The 2007 edition of the Thayer Bobcat football team made us old "Bobcodgers" proud.
They put Thayer on the map, so to speak.
What a thrill it must have been for those boys and the coaches to run out on that smooth carpet in the Edward Jones Dome in St. Louis before several thousand spectators and come within a whisker of winning the state championship.
Back in the early 1950s when I played ball at Thayer High School, there were no domes, not even the Astrodome, the first of the great indoor sports venues of it's kind, which was opened in Houston in 1965.
Missouri schools inaugurated the playoff system in 1968.
The largest indoor facility that we had seen was the Brewer Field House at the University of Missouri, but it was only large enough for basketball and indoor track.
Some of these new outdoor high school stadiums near where I live (in Texas) have underground drainage systems, which permits games to be played soon after heavy rains.
Matter of fact, it would be near impossible to have a dirty uniform playing on those manicured grass surfaces.
When I go there, I invariably recall games we played in less than ideal conditions at Thayer.
I think it was the fall of 1950 when the Bobcats played a game at Rolla in the mud.
A heavy blanket of snow had fallen, then the sun came out and melted the snow the afternoon of the game, leaving giant puddles on the field.
The player's cleats soon mixed the dirt and water into pig-pen quality.
That kept the score down, because no one could tell which team a player was on, and at times, the referees had to wipe their hand on a helmet to see the color.
In the fall of 1947 the Bobcats played at West Plains after a heavy rain in near the same muddy conditions.
But the game of games, as far as the weather was concerned, that I can recall, was when the Bobcats played at Mountain View in the fall of 1951.
A steady drizzle turned the field into a virtual ice rink, and then the temperature dropped dramatically just before game time.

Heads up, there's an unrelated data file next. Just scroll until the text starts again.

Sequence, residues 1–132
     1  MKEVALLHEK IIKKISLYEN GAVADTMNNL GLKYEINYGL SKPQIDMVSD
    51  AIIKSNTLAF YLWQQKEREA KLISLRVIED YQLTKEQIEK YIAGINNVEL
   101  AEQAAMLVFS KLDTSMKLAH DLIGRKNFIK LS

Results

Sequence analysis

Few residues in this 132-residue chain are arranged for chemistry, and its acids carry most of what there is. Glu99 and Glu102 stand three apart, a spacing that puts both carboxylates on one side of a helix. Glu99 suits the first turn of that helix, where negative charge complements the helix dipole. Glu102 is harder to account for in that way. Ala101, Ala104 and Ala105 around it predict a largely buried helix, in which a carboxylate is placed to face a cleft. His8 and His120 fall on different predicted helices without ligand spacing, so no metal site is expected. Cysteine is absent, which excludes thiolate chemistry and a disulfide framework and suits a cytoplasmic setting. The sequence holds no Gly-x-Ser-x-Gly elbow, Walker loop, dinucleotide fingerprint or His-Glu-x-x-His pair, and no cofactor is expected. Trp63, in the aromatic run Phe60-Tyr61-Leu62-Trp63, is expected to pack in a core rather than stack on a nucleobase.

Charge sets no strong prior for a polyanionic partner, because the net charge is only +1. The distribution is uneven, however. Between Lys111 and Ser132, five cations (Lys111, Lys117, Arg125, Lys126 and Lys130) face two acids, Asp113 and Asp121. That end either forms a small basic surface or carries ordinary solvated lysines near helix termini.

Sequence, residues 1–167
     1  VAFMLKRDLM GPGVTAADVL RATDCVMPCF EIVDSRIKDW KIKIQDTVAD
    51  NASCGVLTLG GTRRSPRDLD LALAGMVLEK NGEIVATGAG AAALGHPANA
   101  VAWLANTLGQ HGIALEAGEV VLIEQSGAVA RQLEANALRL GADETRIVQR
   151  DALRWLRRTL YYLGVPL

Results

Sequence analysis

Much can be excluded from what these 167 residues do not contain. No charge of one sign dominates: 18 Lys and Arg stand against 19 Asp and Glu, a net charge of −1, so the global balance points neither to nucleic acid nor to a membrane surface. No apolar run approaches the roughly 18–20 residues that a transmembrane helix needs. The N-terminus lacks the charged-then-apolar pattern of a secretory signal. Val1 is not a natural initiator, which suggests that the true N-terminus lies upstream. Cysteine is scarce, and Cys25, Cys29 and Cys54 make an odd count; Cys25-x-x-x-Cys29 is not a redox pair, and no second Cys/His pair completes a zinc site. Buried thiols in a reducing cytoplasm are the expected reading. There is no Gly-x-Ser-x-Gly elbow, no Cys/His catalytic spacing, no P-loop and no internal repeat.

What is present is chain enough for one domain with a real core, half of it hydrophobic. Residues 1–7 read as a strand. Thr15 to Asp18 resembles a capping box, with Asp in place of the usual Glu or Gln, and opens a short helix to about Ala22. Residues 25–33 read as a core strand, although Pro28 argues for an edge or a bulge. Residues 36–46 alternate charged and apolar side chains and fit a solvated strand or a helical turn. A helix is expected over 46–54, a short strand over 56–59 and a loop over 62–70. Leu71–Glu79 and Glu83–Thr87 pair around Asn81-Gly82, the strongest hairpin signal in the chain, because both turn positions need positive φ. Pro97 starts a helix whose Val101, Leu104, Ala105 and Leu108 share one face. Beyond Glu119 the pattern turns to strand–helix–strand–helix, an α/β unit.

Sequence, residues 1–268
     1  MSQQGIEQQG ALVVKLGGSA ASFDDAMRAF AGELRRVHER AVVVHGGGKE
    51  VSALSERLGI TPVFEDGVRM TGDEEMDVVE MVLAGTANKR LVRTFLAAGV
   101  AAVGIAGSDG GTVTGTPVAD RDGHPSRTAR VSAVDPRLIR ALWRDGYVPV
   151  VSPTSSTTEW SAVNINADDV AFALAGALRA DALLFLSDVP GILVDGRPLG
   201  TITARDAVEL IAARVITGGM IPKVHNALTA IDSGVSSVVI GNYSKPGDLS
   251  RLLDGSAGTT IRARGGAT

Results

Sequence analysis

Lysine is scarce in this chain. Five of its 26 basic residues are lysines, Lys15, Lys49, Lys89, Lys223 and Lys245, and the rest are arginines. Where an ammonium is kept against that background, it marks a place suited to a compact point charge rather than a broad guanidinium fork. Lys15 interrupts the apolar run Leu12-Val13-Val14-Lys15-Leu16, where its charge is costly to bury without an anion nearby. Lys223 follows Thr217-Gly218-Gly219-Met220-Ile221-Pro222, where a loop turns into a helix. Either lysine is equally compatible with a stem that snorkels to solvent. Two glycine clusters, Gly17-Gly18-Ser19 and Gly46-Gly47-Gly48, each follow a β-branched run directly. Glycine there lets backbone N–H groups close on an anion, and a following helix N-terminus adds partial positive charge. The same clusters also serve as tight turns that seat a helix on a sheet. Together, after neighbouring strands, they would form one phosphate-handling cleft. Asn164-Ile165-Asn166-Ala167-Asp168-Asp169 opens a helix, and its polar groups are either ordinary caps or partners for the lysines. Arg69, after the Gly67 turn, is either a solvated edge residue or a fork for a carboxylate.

Indeed the players were slipping and sliding, but Thayer managed to score.
That's when the Mountain View coach out-foxed us.
He arranged for a local merchant to bring each of his players a pair of tennis shoes (I know, they're athletic shoes, but we called all rubber soled canvas shoes, tennis shoes in those days).
The Mountain View players changed into the rubber-soled shoes, which gave them a tremendous advantage and no doubt gave them a win that night.
At that time, players furnished everything but pads and the football uniform itself.
Some of us were lax in taking our socks and T-shirts home to be washed, which produced some crusty, foot-shaped socks, and after a week or so, an indescribable smelling shirt.
Our damp pads were laid on the retaining wall behind the school on sunny days to help dry them.
I notice teams now have several trainers, some of them girls, which is shocking for us old dudes.
Do girls go into the dressing room? How'd that get started? Time stops and they hover over a shaken player and gingerly walk him off the field. I remember a guy on our team limping to the sideline.
"What's the matter?" coach asked.
"I guess I have a charley horse (We called everything a charley horse then)," the player said.
"Come out and run it off!" coach said, yelling for a substitute to "get in there."
Our coach inherited a beat-up metal tool box that carried the team's first aid gear, if you could call it that.
There was a roll of adhesive tape, a tube of analgesic balm, salt tablets and a vial of ammonia, marked "smelling salts" in the box, along with spare screws in hard rubber cleats and a wrench.
We searched everywhere for the aluminum cleats we once saw on an opposing player but could never find the source.
A large piece of foam rubber showed up in the box once and it went fast. It looked real football like to tape a piece on our arm or shin.
I'll never forget those long school bus rides to places like Mountain Grove and Rolla.
It gave the younger boys a chance to hear dirty jokes and learn the "facts of life," part of our education, you might say.
It would have been easy to complain in my day, but the older alumni guys wouldn't allow it.
They said, "How'd you like to ride in the back of an open truck on a dusty road to Imboden, like we did? (U.S. 63 south of Mammoth Spring was not paved until about 1953).
I'd be the first to admit, high school players are bigger, faster and better, light years actually from some 60 years ago, but they must concede that we didn't have it as good.
It would be fun to play on a nice field with fancy gear, but on second thought, maybe us old guys will just watch and tell how rough we had it back when.
Editors note: Max Evans is a 1953 graduate of Thayer High School who now resides in Texas. From time to time, he will share some of his pictures and stories from "back in the day" when he was a proud Bobcat. -- TM